Warren Harris on Links

Hi Philip,

I've been thinking more about your Links project, and what might be the most important areas to focus on. Previously we had discussed web applications and using a functional language to span the client and server programming as well as bringing good functional language technology to bear on the problem, e.g. types, pi-calculus, Erlang-style RPC, db comprehensions, etc. I think all this would be great, and a tremendous help to the web application developer. But the more I think about it the more I think there's a more pressing need in the computer world, and that is to have a well-designed (functional) shell language.

A functional shell language (fsh?) would be a program I could use instead of bash when I log into a linux system. It would give me command-line, interactive access to all the things I can do with bash -- list files, pipe output between programs, run programs in the background, etc. The difference would be that fsh could bring all that good functional technology to bear on shell programming: higher-order functional programming with lexical closures, strong typing, type inference, efficient native compilation, structural pattern matching, and most of all, sanity to the basic language design.

The ideal fsh would allow seamless interaction between locally-defined functions and linux programs residing in the file system. Languages like perl still depend on a "real" shell to launch linux programs (using 'system' or 'exec') or when creating input or output streams to them ('open'). This both forces the programmer to shift gears slightly to bridge the shell and perl world, and also runs the risk of introducing security holes. Ideally, fsh would provide an automatic way to call linux programs directly and pipe their output back into the program. Additionally, wrappers could be created around common programs (e.g. 'ls') to format their arguments and parse their output to return structural equivalents for easier down-stream processing.

Another area where significant advancements could be made is in pattern-matching. ML does an excellent job with structural matching (CDUCE goes even farther), but string pattern matching is relegated to library routines. A lot of perl's power comes from having string pattern matching embedded directly in the language, although a lot could be done to improve their usability. For instance, rather than matching a pattern and allowing the matching process to implicitly bind variables (e.g. $1), it might be better to express patterns as expressions that mention variables within them, similar to ML's structural matching. For example one might match a host and port with: /host:string ':' port:int/ rather than /(\w+):(\d+)/. Another idea might be to introduce pattern abstraction so that one might define 'addr' as the above pattern, and then reference it later, e.g.: /(host1, port1):addr ' -> ' (host2, port2):addr/ would match two addr patterns delimited by a literal ' -> ' string, and bind host1, port1, host2, port2 in the process.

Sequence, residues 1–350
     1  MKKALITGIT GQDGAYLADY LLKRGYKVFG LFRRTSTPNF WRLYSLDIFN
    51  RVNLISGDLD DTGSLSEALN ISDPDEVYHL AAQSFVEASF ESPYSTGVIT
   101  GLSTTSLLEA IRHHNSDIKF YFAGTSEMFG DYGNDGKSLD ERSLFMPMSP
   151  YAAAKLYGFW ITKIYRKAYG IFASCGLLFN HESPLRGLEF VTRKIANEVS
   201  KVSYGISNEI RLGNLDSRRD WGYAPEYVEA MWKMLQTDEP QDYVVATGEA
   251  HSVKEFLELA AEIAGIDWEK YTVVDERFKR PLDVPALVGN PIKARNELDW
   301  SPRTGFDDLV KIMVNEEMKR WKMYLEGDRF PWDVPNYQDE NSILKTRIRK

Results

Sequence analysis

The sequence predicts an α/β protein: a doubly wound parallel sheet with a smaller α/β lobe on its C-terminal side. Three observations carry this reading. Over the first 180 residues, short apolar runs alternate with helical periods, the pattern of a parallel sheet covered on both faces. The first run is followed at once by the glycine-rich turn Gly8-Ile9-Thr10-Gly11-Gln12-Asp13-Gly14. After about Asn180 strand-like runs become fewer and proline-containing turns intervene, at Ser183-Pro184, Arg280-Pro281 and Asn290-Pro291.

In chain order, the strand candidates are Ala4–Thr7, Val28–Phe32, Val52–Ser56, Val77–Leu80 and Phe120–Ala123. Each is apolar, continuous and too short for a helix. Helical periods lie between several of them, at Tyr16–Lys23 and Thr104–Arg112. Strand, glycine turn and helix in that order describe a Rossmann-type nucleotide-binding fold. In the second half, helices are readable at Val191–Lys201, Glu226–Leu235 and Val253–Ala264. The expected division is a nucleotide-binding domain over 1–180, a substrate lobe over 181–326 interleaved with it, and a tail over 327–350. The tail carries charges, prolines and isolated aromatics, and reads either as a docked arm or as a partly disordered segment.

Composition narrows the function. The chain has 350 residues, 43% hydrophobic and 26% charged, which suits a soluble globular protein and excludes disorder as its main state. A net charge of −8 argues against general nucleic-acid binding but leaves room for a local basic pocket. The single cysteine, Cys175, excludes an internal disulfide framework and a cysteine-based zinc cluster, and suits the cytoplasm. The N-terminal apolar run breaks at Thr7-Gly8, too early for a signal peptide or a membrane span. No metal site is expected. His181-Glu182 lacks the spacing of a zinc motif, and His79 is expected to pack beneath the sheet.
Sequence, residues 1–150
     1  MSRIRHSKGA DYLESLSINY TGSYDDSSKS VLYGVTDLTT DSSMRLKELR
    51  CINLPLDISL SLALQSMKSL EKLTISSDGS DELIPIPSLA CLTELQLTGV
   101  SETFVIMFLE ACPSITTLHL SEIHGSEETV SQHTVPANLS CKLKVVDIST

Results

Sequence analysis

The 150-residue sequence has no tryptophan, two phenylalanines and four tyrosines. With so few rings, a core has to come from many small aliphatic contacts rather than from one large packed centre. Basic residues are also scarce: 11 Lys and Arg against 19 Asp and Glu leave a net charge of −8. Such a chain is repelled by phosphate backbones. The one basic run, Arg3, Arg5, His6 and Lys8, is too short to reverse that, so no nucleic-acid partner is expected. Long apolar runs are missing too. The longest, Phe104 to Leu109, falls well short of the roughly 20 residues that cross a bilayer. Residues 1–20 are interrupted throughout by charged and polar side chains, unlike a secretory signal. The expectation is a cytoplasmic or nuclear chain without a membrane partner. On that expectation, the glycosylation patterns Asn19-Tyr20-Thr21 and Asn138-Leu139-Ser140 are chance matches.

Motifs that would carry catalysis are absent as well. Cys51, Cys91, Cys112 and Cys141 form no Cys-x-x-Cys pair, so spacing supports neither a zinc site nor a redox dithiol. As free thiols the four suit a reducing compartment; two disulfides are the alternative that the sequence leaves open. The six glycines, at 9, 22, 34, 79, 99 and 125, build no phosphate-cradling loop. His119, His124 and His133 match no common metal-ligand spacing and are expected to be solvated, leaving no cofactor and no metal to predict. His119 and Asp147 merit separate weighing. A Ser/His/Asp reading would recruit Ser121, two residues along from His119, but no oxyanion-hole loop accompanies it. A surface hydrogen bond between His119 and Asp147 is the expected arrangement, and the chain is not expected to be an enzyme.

I think having a solid functional shell could form the basis of a later all-singing-all-dancing-xml-processing web application language, but first-things-first. The key idea here is that this has to be an interactive language that's capable enough for routine control of the system. It's got to look and smell like a shell to start winning the minds of real-world programmers.



And my reply to Warren, with Warren's reply to my reply interleaved.